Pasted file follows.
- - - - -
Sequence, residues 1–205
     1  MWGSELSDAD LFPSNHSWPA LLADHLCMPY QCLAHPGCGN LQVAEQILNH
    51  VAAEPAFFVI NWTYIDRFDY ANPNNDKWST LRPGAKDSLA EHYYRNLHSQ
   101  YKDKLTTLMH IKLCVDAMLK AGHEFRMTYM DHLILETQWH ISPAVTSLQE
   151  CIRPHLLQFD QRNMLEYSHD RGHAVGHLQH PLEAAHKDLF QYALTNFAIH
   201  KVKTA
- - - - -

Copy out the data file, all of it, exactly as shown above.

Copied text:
Sequence, residues 1–205
     1  MWGSELSDAD LFPSNHSWPA LLADHLCMPY QCLAHPGCGN LQVAEQILNH
    51  VAAEPAFFVI NWTYIDRFDY ANPNNDKWST LRPGAKDSLA EHYYRNLHSQ
   101  YKDKLTTLMH IKLCVDAMLK AGHEFRMTYM DHLILETQWH ISPAVTSLQE
   151  CIRPHLLQFD QRNMLEYSHD RGHAVGHLQH PLEAAHKDLF QYALTNFAIH
   201  KVKTA